Occupy Shuts Down West Coast Ports

Protesters at the November 2 Oakland port shutdown.<a href="http://motherjones.com/photoessays/2011/11/occupy-oakland-shuts-down-port/trucks">Mark Murrmann</a>

For indispensable reporting on the coronavirus crisis, the election, and more, subscribe to the Mother Jones Daily newsletter.


The first phase of Monday’s Occupy Oakland-led West Coast port shutdown was, by protesters’ accounts, a success: Port terminals were shut down in Oakland and in Longview, Washington—the site of an ongoing contract fight with a subsidiary of agribusiness giant Bunge. In Long Beach, San Diego, and Vancouver, attempts to shut down the respective ports were less successful, with protesters blocking access to the three ports for about an hour before police forced them to disperse. Police arrested five demonstrators in San Diego and at least two in Long Beach.

In Oakland, protesters exchanged heated words with angry port workers who were anxious to be paid. Among these workers were members of the International Longshore and Warehouse Union (ILWU), whose leadership had spoken out in opposition to the shutdown.

At one blockade, a trucker sparred verbally with a protester as the two recorded video of each other. The trucker called the protesters “hooligans” who were hurting the working class. Nearby, a union electrical worker laughed and called protesters “morons.”

Mark Hebert, a Utah trucker working as an independent contractor, was heckled by protesters as he complained to the media about the shutdown. Hebert said he typically dropped cargo off at the port once a week and risked losing $200 to $400 in pay.

But several truckers honked in support of Occupy Oakland, and some ILWU workers strongly supported the port’s second shutdown. (Oakland’s general strike on November 2 resulted in a port shutdown, costing the city a reported $4 million and putting more than 10,000 port workers temporarily out of work.) One, a business agent watching the blockade from a company van who said his name was L.T., told me that protesters “need to stay your ground. I’m not crossing the picket line.” Responding to ILWU president Robert McEllrath’s letter criticizing the shutdown, he said, “We don’t give a damn.”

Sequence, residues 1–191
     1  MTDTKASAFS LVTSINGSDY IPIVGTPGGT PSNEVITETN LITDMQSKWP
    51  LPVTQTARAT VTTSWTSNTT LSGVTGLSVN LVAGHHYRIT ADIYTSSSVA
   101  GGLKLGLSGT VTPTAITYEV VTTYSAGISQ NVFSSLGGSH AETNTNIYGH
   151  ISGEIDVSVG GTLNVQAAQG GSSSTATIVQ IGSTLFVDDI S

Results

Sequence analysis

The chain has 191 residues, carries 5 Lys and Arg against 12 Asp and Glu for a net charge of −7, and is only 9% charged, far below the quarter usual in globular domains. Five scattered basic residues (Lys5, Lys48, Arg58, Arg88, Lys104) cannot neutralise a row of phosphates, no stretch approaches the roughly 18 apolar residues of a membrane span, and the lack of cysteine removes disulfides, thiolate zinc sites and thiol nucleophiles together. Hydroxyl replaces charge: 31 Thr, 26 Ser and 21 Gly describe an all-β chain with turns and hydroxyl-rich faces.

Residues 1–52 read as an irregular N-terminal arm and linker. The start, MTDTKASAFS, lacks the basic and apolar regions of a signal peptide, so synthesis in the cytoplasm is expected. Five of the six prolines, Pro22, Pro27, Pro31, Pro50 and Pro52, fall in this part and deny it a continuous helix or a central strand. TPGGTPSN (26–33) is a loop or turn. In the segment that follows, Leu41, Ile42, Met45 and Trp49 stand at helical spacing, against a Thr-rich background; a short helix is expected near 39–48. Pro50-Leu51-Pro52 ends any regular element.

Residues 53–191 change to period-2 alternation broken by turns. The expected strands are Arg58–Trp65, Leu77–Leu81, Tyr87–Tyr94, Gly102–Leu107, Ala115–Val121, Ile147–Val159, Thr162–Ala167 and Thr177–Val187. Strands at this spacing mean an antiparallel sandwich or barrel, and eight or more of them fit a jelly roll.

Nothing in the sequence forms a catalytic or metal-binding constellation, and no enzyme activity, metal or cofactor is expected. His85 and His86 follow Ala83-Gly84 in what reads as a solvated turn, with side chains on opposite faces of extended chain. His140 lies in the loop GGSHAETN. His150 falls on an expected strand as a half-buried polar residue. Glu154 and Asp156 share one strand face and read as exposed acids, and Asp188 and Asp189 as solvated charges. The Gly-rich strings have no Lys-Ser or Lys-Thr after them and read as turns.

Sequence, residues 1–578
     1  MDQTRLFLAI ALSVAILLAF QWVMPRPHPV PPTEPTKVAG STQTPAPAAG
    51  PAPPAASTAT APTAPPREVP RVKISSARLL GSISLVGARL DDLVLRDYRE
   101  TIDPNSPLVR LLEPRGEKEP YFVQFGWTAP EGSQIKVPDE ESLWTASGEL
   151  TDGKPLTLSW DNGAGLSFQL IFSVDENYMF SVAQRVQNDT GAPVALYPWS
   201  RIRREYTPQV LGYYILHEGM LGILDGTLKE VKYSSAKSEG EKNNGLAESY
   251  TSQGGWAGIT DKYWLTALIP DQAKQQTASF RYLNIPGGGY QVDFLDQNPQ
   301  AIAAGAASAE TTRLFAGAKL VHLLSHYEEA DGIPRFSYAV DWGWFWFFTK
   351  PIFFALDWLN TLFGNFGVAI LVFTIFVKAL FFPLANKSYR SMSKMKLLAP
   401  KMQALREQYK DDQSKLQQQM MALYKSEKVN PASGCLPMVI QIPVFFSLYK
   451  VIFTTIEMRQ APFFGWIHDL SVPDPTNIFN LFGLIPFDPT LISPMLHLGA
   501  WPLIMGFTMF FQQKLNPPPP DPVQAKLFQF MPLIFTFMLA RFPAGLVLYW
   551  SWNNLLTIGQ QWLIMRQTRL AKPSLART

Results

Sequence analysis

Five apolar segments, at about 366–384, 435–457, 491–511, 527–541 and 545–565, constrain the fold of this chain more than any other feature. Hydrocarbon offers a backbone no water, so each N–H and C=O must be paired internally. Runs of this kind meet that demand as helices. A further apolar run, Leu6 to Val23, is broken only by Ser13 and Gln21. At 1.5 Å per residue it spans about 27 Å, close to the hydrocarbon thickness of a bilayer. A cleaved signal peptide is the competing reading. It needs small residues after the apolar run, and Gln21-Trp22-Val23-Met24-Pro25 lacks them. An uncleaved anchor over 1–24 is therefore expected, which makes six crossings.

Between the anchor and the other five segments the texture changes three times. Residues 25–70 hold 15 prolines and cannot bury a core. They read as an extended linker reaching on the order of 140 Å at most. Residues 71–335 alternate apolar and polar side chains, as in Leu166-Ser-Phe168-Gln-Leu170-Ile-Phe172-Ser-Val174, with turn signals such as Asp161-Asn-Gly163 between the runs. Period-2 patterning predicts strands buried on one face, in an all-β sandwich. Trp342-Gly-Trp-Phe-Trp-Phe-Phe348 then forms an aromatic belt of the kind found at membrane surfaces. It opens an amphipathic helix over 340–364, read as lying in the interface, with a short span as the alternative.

Oakland protesters will reconvene later for an evening march to set up a blockade ahead of a 7 p.m. port shift change, and occupiers in other cities plan evening actions to keep their terminals out of service as well.

That didn’t sit well with Hebert, who cut our conversation short to return to his truck for a breather. On his way, he kicked over a sign reading “truckers have rights to union wages”—a good reminder that Occupy’s success today may depend upon winning the public-relations battle for working-class sympathy.

DOES IT FEEL LIKE POLITICS IS AT A BREAKING POINT?

Headshot of Editor in Chief of Mother Jones, Clara Jeffery

It sure feels that way to me, and here at Mother Jones, we’ve been thinking a lot about what journalism needs to do differently, and how we can have the biggest impact.

We kept coming back to one word: corruption. Democracy and the rule of law being undermined by those with wealth and power for their own gain. So we're launching an ambitious Mother Jones Corruption Project to do deep, time-intensive reporting on systemic corruption, and asking the MoJo community to help crowdfund it.

We aim to hire, build a team, and give them the time and space needed to understand how we got here and how we might get out. We want to dig into the forces and decisions that have allowed massive conflicts of interest, influence peddling, and win-at-all-costs politics to flourish.

It's unlike anything we've done, and we have seed funding to get started, but we're looking to raise $500,000 from readers by July when we'll be making key budgeting decisions—and the more resources we have by then, the deeper we can dig. If our plan sounds good to you, please help kickstart it with a tax-deductible donation today.

Thanks for reading—whether or not you can pitch in today, or ever, I'm glad you're with us.

Signed by Clara Jeffery

Clara Jeffery, Editor-in-Chief

payment methods

We Recommend

Latest